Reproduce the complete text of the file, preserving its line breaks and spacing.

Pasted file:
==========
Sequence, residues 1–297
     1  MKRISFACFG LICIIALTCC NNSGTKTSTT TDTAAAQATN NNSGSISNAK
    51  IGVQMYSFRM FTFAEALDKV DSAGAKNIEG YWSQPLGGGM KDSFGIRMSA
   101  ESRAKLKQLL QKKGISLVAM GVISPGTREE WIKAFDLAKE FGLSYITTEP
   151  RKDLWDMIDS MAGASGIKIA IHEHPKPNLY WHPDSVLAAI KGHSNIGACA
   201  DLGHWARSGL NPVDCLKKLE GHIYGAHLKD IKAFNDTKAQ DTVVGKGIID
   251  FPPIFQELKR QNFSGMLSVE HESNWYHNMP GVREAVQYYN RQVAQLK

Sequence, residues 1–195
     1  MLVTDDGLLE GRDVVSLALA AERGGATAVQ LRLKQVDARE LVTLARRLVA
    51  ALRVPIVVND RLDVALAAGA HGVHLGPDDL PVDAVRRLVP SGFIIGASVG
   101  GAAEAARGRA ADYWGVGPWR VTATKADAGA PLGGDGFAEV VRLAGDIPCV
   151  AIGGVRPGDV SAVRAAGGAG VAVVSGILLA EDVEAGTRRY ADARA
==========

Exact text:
Sequence, residues 1–297
     1  MKRISFACFG LICIIALTCC NNSGTKTSTT TDTAAAQATN NNSGSISNAK
    51  IGVQMYSFRM FTFAEALDKV DSAGAKNIEG YWSQPLGGGM KDSFGIRMSA
   101  ESRAKLKQLL QKKGISLVAM GVISPGTREE WIKAFDLAKE FGLSYITTEP
   151  RKDLWDMIDS MAGASGIKIA IHEHPKPNLY WHPDSVLAAI KGHSNIGACA
   201  DLGHWARSGL NPVDCLKKLE GHIYGAHLKD IKAFNDTKAQ DTVVGKGIID
   251  FPPIFQELKR QNFSGMLSVE HESNWYHNMP GVREAVQYYN RQVAQLK

Sequence, residues 1–195
     1  MLVTDDGLLE GRDVVSLALA AERGGATAVQ LRLKQVDARE LVTLARRLVA
    51  ALRVPIVVND RLDVALAAGA HGVHLGPDDL PVDAVRRLVP SGFIIGASVG
   101  GAAEAARGRA ADYWGVGPWR VTATKADAGA PLGGDGFAEV VRLAGDIPCV
   151  AIGGVRPGDV SAVRAAGGAG VAVVSGILLA EDVEAGTRRY ADARA